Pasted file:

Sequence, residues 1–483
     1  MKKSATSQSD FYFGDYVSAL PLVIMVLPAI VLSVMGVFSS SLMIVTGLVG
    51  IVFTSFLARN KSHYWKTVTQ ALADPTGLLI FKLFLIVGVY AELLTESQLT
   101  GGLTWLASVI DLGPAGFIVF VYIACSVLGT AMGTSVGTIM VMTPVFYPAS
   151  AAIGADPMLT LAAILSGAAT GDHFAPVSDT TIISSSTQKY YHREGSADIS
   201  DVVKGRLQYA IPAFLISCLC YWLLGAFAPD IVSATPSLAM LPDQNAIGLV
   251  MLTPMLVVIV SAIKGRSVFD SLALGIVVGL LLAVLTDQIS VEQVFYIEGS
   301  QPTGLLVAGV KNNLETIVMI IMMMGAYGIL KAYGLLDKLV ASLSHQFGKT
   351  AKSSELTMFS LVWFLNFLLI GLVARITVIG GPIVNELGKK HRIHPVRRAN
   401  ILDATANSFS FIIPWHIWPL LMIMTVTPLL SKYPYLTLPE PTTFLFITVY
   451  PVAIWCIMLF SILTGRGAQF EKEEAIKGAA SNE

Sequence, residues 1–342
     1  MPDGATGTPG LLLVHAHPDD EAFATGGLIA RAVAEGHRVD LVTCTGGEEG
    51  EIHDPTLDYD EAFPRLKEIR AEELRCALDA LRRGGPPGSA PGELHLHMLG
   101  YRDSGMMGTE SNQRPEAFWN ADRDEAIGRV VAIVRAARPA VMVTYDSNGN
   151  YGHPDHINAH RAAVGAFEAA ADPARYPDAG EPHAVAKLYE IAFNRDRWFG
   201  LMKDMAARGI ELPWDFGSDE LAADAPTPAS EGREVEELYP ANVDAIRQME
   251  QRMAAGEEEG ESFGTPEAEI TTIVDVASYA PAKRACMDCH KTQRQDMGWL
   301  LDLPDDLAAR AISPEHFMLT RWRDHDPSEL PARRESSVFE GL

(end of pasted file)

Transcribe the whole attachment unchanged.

Sequence, residues 1–483
     1  MKKSATSQSD FYFGDYVSAL PLVIMVLPAI VLSVMGVFSS SLMIVTGLVG
    51  IVFTSFLARN KSHYWKTVTQ ALADPTGLLI FKLFLIVGVY AELLTESQLT
   101  GGLTWLASVI DLGPAGFIVF VYIACSVLGT AMGTSVGTIM VMTPVFYPAS
   151  AAIGADPMLT LAAILSGAAT GDHFAPVSDT TIISSSTQKY YHREGSADIS
   201  DVVKGRLQYA IPAFLISCLC YWLLGAFAPD IVSATPSLAM LPDQNAIGLV
   251  MLTPMLVVIV SAIKGRSVFD SLALGIVVGL LLAVLTDQIS VEQVFYIEGS
   301  QPTGLLVAGV KNNLETIVMI IMMMGAYGIL KAYGLLDKLV ASLSHQFGKT
   351  AKSSELTMFS LVWFLNFLLI GLVARITVIG GPIVNELGKK HRIHPVRRAN
   401  ILDATANSFS FIIPWHIWPL LMIMTVTPLL SKYPYLTLPE PTTFLFITVY
   451  PVAIWCIMLF SILTGRGAQF EKEEAIKGAA SNE

Sequence, residues 1–342
     1  MPDGATGTPG LLLVHAHPDD EAFATGGLIA RAVAEGHRVD LVTCTGGEEG
    51  EIHDPTLDYD EAFPRLKEIR AEELRCALDA LRRGGPPGSA PGELHLHMLG
   101  YRDSGMMGTE SNQRPEAFWN ADRDEAIGRV VAIVRAARPA VMVTYDSNGN
   151  YGHPDHINAH RAAVGAFEAA ADPARYPDAG EPHAVAKLYE IAFNRDRWFG
   201  LMKDMAARGI ELPWDFGSDE LAADAPTPAS EGREVEELYP ANVDAIRQME
   251  QRMAAGEEEG ESFGTPEAEI TTIVDVASYA PAKRACMDCH KTQRQDMGWL
   301  LDLPDDLAAR AISPEHFMLT RWRDHDPSEL PARRESSVFE GL